It should be noted that the second lipase component may be added independently of in association with, or as an integral part of the liposomes. In another embodiment of the invention which may be used to release an agent at a predetermined target site, the targeting molecule is an antibody which has been raised such as to bind to an antigen on a target site. The antibody is conjugated to a lipase holoenzyme such that the holoenzyme binds at the site. Liposomes containing a suitable agent may be added to the system such that they are lysed on contacting the constituted lipase thereby releasing the agent locally at the site.
Thus these embodiments have in vivo applications for the treatment or locating of a disease through the targeted delivery of membrane-lytic enzyme activity. Unbound anti-body-component conjugate may be cleared from the system prior to adding the second component so as to ensure only local constitution of lipase activity. Specific ablation of the diseased cells or organism may then be achieved by addition of liposomes containing disease modulating compounds. Use of the present invention against tumours may therefore provide an improved killing index due to the ability to release a high local concentration of compound at the tumour and also possible beneficial by-stander effects wherein non-antigen bearing cancer cells in the immediate locality of the tumour will also be the subject of chemotherapeutic killing.
Suitable compounds may include reporter molecules, cytotoxic drugs, lymphokines. anti-inflammatories, anti-fungals, anti-malarials and other drugs combating infectious diseases. synthetic oligonucleotides, nucleic acids (e.g. plasmids) etc, additional antibodies active as immunotoxins, enzymes for conversion of inactive to active pharmaceutical compounds etc. The precise compounds to be used will occur to those skilled in the art according to the problem to be solved.
In a second embodiment of the invention, which may be used for detecting the presence of an antigen in a system, the targeting molecule is an antigen conjugated to a first lipase component. The antigen-1st component conjugate is mixed with antibody raised against authentic antigen such that the antibody binds to the conjugated antigen. The presence of the bound antibody sterically prevents the constitution of lipase activity in the presence of a second lipase component. When the antibody/antigen-component complex is in the presence of authentic antigen the antibody is sequestered by and binds to the authentic antigen. This means that lipase activity will be constituted in the presence of the second lipase component. This event (and hence the presence of authentic antigen) can be detected by addition of liposomes containing a suitable marker e.g. dye, to the system.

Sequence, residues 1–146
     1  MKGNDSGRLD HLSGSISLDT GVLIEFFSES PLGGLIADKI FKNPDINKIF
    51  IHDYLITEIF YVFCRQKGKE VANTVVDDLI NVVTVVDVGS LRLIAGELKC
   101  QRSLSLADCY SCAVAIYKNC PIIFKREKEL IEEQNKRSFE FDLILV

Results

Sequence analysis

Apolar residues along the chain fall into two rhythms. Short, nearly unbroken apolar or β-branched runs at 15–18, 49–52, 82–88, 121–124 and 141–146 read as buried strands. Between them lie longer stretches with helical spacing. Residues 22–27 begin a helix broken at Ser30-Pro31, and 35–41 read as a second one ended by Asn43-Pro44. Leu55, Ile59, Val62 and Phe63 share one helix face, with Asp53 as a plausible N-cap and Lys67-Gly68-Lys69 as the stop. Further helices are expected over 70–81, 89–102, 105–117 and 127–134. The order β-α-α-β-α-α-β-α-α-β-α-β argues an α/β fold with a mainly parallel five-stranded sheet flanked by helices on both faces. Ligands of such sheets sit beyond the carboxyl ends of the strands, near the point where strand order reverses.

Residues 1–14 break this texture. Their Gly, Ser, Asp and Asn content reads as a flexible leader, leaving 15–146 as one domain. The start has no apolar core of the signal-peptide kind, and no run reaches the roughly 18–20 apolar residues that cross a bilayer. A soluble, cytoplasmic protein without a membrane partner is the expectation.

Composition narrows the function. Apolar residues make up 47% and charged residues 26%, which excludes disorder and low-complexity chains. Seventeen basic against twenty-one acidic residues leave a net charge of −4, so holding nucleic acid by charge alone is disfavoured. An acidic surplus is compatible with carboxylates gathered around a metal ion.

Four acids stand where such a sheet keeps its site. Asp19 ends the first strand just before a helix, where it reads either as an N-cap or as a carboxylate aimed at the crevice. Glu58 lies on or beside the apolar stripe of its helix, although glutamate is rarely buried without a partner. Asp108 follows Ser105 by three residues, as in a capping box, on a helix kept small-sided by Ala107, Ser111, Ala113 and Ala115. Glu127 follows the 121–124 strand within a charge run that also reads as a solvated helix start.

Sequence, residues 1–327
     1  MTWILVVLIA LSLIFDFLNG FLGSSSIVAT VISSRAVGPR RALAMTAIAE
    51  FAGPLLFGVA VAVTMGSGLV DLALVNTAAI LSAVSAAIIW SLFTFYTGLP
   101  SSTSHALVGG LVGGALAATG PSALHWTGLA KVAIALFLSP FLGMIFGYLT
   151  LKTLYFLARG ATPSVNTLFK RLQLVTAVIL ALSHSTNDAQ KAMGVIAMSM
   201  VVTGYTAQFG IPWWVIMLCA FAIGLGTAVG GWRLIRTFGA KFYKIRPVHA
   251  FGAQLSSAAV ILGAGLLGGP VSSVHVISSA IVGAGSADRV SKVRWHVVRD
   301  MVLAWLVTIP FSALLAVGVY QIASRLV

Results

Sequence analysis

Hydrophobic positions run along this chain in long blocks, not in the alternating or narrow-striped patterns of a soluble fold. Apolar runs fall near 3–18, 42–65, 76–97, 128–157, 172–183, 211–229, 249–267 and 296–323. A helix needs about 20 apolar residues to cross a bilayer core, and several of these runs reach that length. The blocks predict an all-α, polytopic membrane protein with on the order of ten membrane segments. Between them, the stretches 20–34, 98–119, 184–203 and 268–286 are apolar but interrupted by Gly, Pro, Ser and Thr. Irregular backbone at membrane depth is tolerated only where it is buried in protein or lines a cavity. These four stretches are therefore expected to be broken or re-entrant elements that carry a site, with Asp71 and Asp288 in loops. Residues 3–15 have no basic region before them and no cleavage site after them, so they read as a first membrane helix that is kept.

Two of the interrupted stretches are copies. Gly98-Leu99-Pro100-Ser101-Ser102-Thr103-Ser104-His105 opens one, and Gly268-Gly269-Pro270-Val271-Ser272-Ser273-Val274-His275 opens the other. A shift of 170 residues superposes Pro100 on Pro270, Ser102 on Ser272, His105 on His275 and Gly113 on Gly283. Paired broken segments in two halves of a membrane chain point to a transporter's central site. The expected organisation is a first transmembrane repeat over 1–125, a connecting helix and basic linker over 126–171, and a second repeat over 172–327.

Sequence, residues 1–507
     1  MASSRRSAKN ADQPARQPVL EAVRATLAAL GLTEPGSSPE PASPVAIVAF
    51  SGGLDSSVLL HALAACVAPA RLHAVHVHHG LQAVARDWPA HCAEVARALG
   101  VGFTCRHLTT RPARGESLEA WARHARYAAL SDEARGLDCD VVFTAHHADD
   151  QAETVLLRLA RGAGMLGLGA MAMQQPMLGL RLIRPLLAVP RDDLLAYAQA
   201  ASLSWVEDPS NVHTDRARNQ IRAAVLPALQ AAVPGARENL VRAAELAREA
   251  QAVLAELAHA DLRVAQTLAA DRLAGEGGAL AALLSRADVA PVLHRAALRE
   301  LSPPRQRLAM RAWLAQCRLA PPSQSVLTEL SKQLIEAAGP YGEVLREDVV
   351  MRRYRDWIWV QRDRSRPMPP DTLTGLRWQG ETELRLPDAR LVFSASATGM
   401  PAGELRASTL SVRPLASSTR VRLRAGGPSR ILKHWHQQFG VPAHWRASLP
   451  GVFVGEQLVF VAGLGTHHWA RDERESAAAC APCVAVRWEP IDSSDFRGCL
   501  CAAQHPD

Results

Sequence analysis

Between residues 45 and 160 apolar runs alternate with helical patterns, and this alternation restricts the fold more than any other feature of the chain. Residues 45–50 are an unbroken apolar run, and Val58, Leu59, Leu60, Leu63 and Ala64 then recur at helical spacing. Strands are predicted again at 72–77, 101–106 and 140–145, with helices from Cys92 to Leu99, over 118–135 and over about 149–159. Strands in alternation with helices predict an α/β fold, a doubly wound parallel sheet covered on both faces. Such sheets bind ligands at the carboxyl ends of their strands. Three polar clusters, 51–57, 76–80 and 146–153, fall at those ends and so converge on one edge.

Thus this embodiment has in vitro application as an homogenous assay system for the detection of biological or other analytes. The antigen may be conjugated to one of the lipase constituents by recombinant or biochemical techniques.
In another embodiment of the invention, which may be used for detecting the presence of an antigen in a system, the targeting molecule is an antibody conjugated either to a first lipase component or a holoenzyme. The antibody-lipase conjugate may be attached to a specific antigen which has become associated with a solid phase either by direct binding to the solid phase or by binding via an antibody or other intermediate molecule. The presence of antigen can be measured following attachment of the conjugate and washing-off or elution of the excess conjugate by the addition of liposomes containing a suitable marker eg dye.
As an alternative for the detection of an antigen in a system, the antigen could also be attached to a solid phase either directly by absorption or chemical linkage or indirectly via another antibody or binding agent which is, in turn, attached to a solid phase. The antibody-lipase conjugate comprising either the complete lipase or one component is then added followed by if required, the second lipase component and followed by suitable compound-containing liposomes.